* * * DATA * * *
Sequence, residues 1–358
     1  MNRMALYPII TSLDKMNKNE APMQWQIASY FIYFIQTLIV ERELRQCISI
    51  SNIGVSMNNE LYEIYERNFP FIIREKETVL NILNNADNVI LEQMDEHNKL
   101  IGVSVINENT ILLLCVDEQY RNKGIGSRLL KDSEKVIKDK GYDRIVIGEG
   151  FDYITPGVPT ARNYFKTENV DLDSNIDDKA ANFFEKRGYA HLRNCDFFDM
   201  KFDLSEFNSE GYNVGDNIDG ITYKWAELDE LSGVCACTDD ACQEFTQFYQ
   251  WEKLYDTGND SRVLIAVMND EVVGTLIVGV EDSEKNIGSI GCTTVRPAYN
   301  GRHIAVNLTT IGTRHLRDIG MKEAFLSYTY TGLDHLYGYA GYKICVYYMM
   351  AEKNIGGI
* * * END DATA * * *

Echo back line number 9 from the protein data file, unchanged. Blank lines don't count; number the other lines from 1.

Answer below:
   351  AEKNIGGI